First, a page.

Hotels for sale in Florida

Miami and Orlando are two apparent contenders to consider when looking for hospitality property for sale in Florida. However, other regions to consider for investing in hotels and motels in Florida include the markets of Broward County, especially Fort Lauderdale, and the Florida Keys.

Hotels for sale in California

The Southern California hospitality markets of Los Angeles, Anaheim/Santa Ana, and San Diego are being affected differently. For example, the recovery in LA depends on how quickly the entertainment and convention industries recover. Investors looking for hotel and motel property in Northern California may have a window of opportunity to acquire reasonably priced property in highly desirable gateway cities such as San Francisco.

Hotels for sale in Texas

Before the recession, major metros areas such as Austin, Dallas, and Houston were generating some of the top performance numbers in the US. As the economy recovers, investors focused on hotel and motel property for sale in Texas should monitor these key markets, along with secondary and tertiary markets like Midland and El Paso.

Hotels for sale in South Carolina

Although the three largest metro areas in the state – Greenville, Columbia, and Charleston – all have less than one million residents, hotels and motels for sale in South Carolina could offer affordable lifestyle hotel investments as the economy begins to cycle upward.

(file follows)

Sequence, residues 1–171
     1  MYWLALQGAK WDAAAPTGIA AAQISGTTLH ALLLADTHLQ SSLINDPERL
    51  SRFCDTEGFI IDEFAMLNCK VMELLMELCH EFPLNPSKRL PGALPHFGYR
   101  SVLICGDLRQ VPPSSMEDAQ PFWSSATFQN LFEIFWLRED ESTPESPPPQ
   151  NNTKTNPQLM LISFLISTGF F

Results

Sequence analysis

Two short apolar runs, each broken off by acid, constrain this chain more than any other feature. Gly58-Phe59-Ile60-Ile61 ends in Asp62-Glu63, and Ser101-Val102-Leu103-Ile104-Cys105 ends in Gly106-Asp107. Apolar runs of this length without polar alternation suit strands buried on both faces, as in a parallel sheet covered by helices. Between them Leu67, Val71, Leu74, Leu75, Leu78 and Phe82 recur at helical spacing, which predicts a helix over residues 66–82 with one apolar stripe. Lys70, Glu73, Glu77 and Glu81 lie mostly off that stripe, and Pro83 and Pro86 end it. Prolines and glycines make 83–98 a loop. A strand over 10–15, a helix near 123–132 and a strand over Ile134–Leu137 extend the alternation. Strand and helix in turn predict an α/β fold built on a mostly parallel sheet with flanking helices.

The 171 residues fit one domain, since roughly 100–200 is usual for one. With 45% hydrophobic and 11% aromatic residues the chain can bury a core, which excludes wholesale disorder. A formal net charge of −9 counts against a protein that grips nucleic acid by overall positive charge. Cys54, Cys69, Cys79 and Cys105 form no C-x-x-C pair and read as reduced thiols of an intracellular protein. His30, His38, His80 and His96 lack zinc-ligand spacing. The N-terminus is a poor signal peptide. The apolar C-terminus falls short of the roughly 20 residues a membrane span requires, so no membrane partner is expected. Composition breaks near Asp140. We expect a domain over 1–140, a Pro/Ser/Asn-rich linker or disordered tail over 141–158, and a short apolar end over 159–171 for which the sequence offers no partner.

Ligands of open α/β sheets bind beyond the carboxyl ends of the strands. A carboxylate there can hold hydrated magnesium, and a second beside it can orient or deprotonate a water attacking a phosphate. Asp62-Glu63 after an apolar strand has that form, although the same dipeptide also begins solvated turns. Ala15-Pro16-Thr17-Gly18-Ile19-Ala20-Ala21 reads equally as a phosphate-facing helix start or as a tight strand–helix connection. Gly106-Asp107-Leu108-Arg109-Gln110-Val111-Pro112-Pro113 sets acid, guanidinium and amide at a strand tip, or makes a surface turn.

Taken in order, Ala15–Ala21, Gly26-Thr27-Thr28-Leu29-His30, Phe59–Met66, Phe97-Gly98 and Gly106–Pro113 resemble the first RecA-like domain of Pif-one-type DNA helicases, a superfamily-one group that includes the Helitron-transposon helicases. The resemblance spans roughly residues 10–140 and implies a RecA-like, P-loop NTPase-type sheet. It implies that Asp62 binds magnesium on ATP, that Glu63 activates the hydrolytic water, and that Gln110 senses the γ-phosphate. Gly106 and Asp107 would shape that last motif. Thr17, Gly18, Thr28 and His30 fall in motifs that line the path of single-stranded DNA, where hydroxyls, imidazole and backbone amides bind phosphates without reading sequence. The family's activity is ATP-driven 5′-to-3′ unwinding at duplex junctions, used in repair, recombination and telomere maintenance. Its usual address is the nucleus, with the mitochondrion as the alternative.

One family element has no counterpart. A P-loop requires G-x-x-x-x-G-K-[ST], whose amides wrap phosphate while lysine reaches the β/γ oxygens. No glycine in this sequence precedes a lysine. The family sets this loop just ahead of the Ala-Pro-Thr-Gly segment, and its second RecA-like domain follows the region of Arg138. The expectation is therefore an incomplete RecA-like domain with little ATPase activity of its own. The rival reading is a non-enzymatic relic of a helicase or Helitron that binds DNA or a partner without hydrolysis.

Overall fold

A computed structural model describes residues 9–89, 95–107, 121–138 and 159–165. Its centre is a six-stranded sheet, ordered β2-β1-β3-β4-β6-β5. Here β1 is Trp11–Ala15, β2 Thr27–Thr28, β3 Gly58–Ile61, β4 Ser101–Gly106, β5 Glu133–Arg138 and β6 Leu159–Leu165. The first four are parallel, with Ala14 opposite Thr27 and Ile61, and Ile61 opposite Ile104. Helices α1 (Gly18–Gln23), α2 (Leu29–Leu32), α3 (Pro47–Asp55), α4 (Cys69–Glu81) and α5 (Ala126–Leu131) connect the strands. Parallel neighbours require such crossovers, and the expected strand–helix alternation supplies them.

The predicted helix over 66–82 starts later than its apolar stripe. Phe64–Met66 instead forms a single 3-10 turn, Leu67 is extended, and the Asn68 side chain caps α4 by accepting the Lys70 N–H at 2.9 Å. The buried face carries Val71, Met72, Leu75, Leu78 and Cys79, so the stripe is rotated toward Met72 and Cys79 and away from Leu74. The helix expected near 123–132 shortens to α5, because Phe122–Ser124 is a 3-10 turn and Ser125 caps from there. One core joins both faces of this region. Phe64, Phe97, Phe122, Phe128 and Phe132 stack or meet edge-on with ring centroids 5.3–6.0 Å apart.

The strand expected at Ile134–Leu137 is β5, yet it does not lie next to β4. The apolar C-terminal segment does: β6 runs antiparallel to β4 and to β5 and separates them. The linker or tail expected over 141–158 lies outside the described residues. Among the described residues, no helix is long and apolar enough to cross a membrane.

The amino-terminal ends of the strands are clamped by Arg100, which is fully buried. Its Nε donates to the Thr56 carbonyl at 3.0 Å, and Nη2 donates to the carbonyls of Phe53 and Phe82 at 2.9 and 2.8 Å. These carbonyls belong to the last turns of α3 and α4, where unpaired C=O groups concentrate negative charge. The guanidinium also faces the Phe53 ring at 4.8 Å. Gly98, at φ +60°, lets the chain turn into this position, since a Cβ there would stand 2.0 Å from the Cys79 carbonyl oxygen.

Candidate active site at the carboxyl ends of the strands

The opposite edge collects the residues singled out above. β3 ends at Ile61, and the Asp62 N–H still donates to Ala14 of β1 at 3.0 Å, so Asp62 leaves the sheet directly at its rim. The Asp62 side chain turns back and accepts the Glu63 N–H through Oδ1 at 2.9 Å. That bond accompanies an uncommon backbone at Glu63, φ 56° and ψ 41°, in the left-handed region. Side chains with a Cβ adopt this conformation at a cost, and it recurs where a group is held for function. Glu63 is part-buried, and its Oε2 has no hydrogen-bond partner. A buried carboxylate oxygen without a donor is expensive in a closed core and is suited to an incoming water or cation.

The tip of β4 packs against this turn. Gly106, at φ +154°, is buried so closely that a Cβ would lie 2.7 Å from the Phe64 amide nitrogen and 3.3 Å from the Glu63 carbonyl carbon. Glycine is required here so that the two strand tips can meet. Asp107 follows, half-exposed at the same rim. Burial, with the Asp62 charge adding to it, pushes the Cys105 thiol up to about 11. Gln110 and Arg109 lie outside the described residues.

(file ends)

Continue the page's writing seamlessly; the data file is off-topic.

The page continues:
Hotels for sale in Virginia

Hospitality properties in smaller cities such as Virginia Beach and Williamsburg may benefit from an increased demand from the “staycation” leisure traveler. Commercial property investors looking for a hotel or motel for sale in VA that rely on business travelers may find submarkets such as Newport News/Hampton Roads a good choice. About 80% of the region’s economy comes from federal government sources.

Hotels for sale in Colorado

With the pause and limited capacity reopenings of retail and restaurant activities, cities with proximity to nature and nature-driven activities are seeing a rise in housing demand. This move to nature-rich cities such as Denver and Boulder Springs should benefit local hospitality businesses as staycations become the preferred getaway.

Hotels for sale in Michigan

Investor activity is turning an eye towards hospitality properties in Michigan, including the recent sale of the notable Hotel Iroquois on Mackinac Island by a long-time patron of the hotel. Similar to Colorado’s market, the nature-rich opportunities in Michigan will likely attract local or nearby patrons in search of a staycation, serving as an attractive option for hospitality investors looking to purchase a hotel or motel for sale in Michigan.

The demand for hotels and motels in the US will eventually return, albeit differently. Depending on each sector, business travel will likely return unevenly, with Sunbelt markets such as Las Vegas, Dallas, and Orlando the first to break out and attract more convention travel. Prime hotel properties in gateway cities may benefit from the resumption of inbound international travel. In contrast, other lodging and hospitality properties will generate a higher share of close-to-home travel to locations that can be reached by car in one day or less.

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Shanti Ryle
Shanti Ryle

Content Marketing Manager

Shanti leads Crexi's content marketing strategies with 7+ years of content development experience, creating everything from blog posts to award-winning podcasts. Previously, she worked on content teams at Snapchat, Weedmaps, and HopSkipDrive as well as developed copy, articles, and media for freelance publications.